Building Resilience: Meeting Peak Everything With Systems Thinking
With glaciers and arctic ice melting at unprecedented rates, with traditional politicians all but ignoring the threat of peak oil, with food getting ever more expensive and with extinction rates threatening global productivity, the modern world can sometimes feel like a scary place. How do we respond to all of these different challenges, and how do we know which crisis to prioritize first? In the light of so many different, yet interconnected pressures on our current social and economic structures, many folks concerned with sustainability are beginning to explore the concept of resilience in more detail — that is, the idea of not just tackling a problem like climate change or peak oil alone, but instead beginning to restructure our human-made systems so they are stronger, more adaptable, and able to withstand multiple shocks or pressures. Rob Hopkins, of the magnificent Transition Towns Movement, talked a little bit about building local resilience here, but for those wanting to explore the concept further, the UK Systems Society is holding a 3 day conference entitle "Building Resilience" at the University of Oxford this September. This from the conference flyer:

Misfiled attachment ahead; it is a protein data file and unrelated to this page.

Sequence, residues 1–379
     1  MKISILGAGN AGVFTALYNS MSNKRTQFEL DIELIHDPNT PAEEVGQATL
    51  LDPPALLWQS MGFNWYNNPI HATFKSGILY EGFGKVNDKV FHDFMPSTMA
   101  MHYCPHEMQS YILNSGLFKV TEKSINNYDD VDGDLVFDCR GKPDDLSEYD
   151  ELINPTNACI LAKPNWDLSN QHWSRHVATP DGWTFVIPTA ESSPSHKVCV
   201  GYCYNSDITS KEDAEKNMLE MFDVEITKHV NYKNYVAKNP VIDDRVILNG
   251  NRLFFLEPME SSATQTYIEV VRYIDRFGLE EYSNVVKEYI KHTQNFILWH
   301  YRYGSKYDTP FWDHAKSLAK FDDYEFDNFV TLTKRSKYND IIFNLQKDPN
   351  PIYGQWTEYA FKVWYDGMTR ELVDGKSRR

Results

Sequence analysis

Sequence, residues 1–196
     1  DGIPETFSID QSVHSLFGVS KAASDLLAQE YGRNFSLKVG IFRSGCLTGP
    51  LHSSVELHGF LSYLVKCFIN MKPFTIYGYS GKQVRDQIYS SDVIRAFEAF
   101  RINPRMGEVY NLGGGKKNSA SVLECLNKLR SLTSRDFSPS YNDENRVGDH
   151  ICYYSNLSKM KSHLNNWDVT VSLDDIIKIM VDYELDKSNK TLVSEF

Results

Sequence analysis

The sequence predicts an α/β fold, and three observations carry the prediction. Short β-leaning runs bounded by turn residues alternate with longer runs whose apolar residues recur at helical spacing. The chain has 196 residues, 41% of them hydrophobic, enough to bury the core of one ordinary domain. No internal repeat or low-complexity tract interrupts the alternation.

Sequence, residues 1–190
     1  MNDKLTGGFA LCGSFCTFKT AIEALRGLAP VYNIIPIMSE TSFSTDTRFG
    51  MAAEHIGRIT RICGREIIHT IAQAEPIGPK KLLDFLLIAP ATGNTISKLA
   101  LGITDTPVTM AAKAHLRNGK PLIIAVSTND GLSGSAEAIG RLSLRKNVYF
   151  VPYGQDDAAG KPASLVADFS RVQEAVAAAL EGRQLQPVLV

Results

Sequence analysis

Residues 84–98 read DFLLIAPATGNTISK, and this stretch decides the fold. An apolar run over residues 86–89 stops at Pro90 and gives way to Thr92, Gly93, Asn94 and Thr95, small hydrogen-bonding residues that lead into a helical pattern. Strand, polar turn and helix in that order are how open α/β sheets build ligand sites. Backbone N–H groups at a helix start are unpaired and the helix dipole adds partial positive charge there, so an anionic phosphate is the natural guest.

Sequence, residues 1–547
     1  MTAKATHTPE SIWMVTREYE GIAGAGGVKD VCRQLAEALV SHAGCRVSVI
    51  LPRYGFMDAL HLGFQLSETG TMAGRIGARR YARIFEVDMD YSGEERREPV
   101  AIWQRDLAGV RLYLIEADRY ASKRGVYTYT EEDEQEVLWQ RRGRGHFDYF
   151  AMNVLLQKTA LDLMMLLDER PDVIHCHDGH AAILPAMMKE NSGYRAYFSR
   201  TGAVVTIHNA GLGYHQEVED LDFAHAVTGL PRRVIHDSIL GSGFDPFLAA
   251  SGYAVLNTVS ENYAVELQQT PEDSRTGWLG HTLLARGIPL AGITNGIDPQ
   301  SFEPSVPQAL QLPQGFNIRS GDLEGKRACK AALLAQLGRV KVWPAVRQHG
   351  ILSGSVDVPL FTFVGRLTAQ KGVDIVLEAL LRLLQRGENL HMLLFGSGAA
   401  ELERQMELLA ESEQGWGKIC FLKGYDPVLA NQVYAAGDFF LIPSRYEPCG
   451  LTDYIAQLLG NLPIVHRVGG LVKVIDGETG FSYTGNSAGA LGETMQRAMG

"We experience a world full of turbulence. In the early years of the 21st century, we can point to many examples of this turbulence: flooding and associated devastation; cyber systems which leave us vulnerable to identity theft and fraud; instability in financial systems causing customers to mistrust their banks. We cannot hope to anticipate, still less control, every source of instability. However, we can aspire to build resilience. We can seek to create human-made systems which, when they fail, fail 'gracefully'. We can seek to anticipate the consequences of natural calamities on all sectors of society, and ensure that we are ready to deal with them. Systems thinking and appropriate tools for systemic practice can help in this endeavour."